London Fashion Week has always been a showcase for new and innovative talent and this year we saw a shift towards positive change. For most brands sustainability was a key focus for presenting their new collections.
Despite growing calls from Extinction Rebellion calling for London Fashion Week to be cancelled because of the negative environmental impact caused by the fashion industry, the shows continued. I think most people from the sustainable fashion arena agree that the format of the traditional Fashion week must change while also acknowledging that it is also a powerful platform to encourage change and open up the conversation between powerful industry change makers and government. Every year the offering of sustainable fashion events grow and we loved the below events for the positive messages they demonstrated.
The British Fashion Council planned a City-Wide Celebration, with a focus on its Positive Fashion initiative which has three key pillars: sustainability; equality and diversity; craftsmanship and community. Open to both trade and the public, The Positive Fashion Exhibition located at the Store X, 180 Strand showcased both emerging and established designers who champion sustainability, craftsmanship and ethics through their work. There was a strong sense of interest in traditional practices such as handloom weaving, crochet and embroidery, with other designers offering upcycled collections. This was a chance for these brands to engage with audiences and tell their stories, demonstrating the power to create transformative change in the industry.
London Fashion Week hosted its first ever clothes swap Swap Shop by Patrick McDowell with Global Fashion Exchange where guests can bring a used item of clothing from their wardrobe to exchange with someone else’s item. The Swap Shop reflects the growing interest in the sharing economy, offering people the opportunity to experience new fashion without the environmental impact of buying new. We think initiatives like this are important to extend the life of garments and for people that love to play with fashion; it offers a plethora of new outfits and styling options.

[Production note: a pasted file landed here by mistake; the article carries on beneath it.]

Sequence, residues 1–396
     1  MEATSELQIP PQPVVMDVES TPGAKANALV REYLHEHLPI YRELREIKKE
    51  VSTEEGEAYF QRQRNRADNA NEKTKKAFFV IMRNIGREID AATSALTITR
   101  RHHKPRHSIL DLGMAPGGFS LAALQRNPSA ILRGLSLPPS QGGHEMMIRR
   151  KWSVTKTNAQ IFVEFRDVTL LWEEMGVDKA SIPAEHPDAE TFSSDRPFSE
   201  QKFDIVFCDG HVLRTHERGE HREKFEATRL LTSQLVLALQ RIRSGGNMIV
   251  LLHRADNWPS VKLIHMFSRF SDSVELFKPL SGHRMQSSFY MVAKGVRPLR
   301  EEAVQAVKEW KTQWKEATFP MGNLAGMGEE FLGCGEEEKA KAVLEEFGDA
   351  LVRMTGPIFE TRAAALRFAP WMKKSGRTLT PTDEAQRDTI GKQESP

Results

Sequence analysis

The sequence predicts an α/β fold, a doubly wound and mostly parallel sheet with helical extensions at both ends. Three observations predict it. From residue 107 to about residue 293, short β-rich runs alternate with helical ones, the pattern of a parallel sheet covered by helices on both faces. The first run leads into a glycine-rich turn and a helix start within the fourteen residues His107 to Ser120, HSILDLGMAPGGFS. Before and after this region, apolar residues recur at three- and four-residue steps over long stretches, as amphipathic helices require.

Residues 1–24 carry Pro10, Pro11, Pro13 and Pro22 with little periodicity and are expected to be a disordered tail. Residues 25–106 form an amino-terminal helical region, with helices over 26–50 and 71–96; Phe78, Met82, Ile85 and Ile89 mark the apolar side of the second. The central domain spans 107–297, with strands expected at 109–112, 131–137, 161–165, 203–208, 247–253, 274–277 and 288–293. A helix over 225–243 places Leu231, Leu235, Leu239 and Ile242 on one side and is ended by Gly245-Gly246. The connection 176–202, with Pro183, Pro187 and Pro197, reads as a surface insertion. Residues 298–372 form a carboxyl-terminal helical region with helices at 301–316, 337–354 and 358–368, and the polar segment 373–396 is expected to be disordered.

During LFW, Creative director at Mother of Pearl Amy Powney launched Fashion Our Future, a social media led campaign to encourage people to pledge commitments to making sustainable changes through the way we shop and where we choose to buy from. ‘Sustainable fashion isn’t always about buying something with a green tag on, it’s just considering what you’re doing’ Powney says. ‘There are so many things that everybody can do that would make things a lot better. The number one thing is just consuming less and looking after what you buy.’ Here at Fabric for Freedom we support the campaign pledging to reuse, recycle and redesign through using clothing and textile waste in our collections that would have otherwise gone to landfill.
Street style has always been an important part of fashion week but how can the appetite for the next best thing move to a more sustainable way of consumption? Fashion Editors and influencers were using rental platforms such as HURR, By Rotation and The Endless Wardrobe where you can hire designer pieces at a fraction of the retail cost. The resurgence in the popularity of wearing vintage has reframed what we consider valuable and shows that the old can still look new. Its great to see that are ways to keep garments in the fashion cycle and that the value of a garment can be shared between consumers.
It does feel now more than ever that brands that show at Fashion Week have to evolve to include ethical and sustainable practice in their designs if they want to remain relevant and it is important to celebrate those that achieve this. Over the past year we have seen sustainability be described as a trend but we really believe that while trends are fleeting, sustainability is a fundamental approach to how we make clothes and should always be the cornerstone of design.